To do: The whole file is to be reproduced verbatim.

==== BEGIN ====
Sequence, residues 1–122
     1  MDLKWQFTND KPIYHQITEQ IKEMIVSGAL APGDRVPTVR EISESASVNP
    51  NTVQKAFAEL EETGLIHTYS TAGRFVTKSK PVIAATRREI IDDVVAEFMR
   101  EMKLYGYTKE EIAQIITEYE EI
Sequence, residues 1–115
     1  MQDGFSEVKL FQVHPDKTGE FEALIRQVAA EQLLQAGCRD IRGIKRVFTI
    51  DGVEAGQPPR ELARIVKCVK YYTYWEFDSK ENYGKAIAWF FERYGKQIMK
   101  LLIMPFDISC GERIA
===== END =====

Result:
Sequence, residues 1–122
     1  MDLKWQFTND KPIYHQITEQ IKEMIVSGAL APGDRVPTVR EISESASVNP
    51  NTVQKAFAEL EETGLIHTYS TAGRFVTKSK PVIAATRREI IDDVVAEFMR
   101  EMKLYGYTKE EIAQIITEYE EI
Sequence, residues 1–115
     1  MQDGFSEVKL FQVHPDKTGE FEALIRQVAA EQLLQAGCRD IRGIKRVFTI
    51  DGVEAGQPPR ELARIVKCVK YYTYWEFDSK ENYGKAIAWF FERYGKQIMK
   101  LLIMPFDISC GERIA